As a teen in the early 2000s, both Borders and Barnes & Noble were the local hangs. They were the first places I ordered coffee, grabbing a small cup at the in-store café before spending hours browsing the shelves, hurrying to read as much of a book or obscure magazine as I could before someone’s mom came to pick us up. But as big-box bookstores have shuttered and independent shops are struggling to survive (and keep workers safe) while still in a pandemic, there are fewer and fewer in-store cafés encouraging folks to linger in bookstores. What does the future of these gathering spaces look like?
Back in 2010, the American Booksellers Association hosted a roundtable with independent shop owners discussing whether or not these cafés were worth it. And while a lot has changed in the last 12 years, many of their points are still relevant today.
The number one reason mentioned for adding a food and drink option is to increase foot traffic and encourage customers to stay longer. Customers staying longer leads to community building, which then turns into regulars coming to spend money at both the café and on books, in turn increasing revenue.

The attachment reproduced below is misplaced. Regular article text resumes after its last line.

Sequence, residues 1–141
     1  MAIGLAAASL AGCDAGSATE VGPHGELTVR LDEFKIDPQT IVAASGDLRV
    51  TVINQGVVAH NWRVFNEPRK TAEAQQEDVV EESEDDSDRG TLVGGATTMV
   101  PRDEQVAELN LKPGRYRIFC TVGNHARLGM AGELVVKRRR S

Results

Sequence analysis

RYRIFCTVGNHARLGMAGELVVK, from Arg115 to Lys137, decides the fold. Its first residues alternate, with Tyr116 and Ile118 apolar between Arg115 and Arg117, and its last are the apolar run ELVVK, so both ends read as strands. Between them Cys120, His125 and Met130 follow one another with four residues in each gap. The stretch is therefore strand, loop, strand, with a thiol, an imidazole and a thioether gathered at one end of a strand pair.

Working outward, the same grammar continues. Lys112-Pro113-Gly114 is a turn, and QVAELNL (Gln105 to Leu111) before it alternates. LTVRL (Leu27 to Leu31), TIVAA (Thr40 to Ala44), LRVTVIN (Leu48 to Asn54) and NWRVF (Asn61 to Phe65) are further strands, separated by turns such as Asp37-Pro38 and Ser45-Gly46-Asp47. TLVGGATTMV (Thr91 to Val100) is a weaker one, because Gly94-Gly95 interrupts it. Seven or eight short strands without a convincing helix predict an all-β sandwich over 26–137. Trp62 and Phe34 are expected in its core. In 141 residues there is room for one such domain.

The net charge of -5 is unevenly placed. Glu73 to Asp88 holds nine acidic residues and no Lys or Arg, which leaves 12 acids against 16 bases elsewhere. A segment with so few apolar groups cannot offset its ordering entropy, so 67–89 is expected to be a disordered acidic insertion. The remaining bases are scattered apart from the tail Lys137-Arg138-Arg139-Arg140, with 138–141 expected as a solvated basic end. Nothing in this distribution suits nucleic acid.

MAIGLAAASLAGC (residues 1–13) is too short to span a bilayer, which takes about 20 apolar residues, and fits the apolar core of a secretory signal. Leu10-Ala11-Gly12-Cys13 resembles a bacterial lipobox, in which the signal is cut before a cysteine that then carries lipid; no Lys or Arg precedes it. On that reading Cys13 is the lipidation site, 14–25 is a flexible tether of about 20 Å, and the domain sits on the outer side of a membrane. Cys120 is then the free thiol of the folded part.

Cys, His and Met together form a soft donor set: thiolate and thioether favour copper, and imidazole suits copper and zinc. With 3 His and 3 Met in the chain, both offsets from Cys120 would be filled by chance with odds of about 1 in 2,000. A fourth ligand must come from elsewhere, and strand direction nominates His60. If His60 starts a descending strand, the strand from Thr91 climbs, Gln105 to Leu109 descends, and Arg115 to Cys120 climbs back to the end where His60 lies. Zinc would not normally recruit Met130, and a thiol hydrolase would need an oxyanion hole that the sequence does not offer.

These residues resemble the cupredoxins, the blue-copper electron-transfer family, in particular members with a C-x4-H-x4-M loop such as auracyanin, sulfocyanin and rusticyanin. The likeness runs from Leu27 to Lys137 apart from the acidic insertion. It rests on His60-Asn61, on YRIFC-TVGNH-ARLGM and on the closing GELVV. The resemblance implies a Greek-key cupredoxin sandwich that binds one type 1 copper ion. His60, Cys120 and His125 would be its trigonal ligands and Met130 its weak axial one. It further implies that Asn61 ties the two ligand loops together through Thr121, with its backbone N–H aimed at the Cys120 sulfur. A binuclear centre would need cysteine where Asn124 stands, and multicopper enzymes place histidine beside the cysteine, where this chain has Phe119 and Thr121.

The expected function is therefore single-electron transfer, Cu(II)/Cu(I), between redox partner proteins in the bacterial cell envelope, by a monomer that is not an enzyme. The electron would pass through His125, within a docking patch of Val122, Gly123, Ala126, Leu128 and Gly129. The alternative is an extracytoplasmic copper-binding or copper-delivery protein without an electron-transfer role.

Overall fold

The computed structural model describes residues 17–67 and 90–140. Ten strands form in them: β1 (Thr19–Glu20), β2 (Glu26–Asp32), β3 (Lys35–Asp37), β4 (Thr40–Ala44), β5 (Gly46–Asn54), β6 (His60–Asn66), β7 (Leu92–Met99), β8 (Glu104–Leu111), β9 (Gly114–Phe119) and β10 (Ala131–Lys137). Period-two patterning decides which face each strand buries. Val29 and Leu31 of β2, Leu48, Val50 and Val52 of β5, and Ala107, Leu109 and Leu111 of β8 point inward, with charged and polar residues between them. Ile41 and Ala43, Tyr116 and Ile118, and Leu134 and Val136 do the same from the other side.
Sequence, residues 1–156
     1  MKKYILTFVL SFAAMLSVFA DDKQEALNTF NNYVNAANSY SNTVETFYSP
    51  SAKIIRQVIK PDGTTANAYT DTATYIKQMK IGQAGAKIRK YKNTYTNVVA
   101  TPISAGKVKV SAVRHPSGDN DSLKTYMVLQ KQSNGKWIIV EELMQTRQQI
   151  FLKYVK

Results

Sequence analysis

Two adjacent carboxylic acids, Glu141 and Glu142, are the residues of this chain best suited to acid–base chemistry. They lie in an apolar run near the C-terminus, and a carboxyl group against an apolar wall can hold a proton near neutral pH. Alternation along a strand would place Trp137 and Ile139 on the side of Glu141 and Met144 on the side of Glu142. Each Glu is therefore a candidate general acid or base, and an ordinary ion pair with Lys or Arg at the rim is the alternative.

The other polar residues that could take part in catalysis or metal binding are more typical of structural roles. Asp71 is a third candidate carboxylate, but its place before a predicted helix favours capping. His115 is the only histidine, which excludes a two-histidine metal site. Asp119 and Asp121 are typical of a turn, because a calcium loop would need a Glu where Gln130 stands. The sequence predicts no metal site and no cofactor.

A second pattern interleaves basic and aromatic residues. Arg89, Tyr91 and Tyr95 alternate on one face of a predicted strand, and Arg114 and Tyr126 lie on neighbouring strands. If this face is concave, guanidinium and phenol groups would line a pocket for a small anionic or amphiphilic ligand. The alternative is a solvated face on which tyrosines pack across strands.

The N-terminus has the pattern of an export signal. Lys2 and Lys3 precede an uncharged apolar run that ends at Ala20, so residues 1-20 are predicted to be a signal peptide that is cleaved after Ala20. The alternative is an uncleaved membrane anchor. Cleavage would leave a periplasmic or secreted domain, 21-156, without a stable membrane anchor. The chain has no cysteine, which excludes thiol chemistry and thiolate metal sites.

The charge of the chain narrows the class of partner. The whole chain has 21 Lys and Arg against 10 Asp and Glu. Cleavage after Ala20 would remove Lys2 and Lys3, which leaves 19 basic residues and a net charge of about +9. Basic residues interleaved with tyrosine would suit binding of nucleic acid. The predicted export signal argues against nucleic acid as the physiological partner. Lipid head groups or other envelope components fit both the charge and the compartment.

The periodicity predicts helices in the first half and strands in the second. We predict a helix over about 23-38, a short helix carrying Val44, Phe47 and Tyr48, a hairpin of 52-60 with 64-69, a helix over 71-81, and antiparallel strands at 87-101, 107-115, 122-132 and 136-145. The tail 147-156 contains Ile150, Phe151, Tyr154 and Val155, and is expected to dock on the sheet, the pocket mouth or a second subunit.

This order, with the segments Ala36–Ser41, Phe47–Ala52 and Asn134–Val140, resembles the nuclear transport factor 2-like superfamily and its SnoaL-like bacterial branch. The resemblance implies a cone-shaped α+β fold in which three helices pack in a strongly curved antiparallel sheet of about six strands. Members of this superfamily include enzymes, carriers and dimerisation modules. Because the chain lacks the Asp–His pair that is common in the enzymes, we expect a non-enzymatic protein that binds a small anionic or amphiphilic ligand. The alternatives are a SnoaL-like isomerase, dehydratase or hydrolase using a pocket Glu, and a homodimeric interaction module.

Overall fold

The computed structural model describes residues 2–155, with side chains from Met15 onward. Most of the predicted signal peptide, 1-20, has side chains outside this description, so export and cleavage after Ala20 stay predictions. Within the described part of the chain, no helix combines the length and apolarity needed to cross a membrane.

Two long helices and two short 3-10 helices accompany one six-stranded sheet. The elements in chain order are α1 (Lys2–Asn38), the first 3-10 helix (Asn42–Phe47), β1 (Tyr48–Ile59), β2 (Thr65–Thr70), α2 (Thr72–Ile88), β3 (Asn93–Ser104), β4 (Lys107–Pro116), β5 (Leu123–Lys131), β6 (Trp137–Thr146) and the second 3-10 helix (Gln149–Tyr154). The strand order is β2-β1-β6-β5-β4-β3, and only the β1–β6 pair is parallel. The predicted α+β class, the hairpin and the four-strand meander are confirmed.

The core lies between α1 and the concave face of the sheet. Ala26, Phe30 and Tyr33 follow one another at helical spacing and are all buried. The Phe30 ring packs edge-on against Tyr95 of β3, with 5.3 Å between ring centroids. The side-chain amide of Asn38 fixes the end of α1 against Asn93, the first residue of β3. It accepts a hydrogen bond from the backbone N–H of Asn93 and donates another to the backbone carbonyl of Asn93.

The downside to that, of course, is staffing and stocking; depending on the size of the physical café and the amount of menu offerings, you might be sinking more money into supplies and labor. If you want to add alcohol into the mix as some bookstores do, that means additional permits and training. “It’s like running another business,” one bookseller said in the roundtable. “But it can be worth it!”
The main advice booksellers gave to others contemplating a café is to not be too ambitious. It may sound nice to have full lunch offerings for your customers, but especially if you don’t already have experience running a café you should consider going with the simplest options possible—most bookstore regulars would be satisfied with a cup of coffee.
And in modern times, safety precautions add an extra consideration into the mix. Here in Chicago many independent bookstores are still limiting the number of customers allowed inside the store, so encouraging people to gather and stick around would be counterintuitive.
Still, we can’t let bookstore cafés die. They’re a vital part of community building and an added source of revenue for these small independent businesses, and they encourage a return to analog reading in a time of increasing screentime. If for no one else, let’s keep these spaces alive for the suburban teens who just need a place to hang.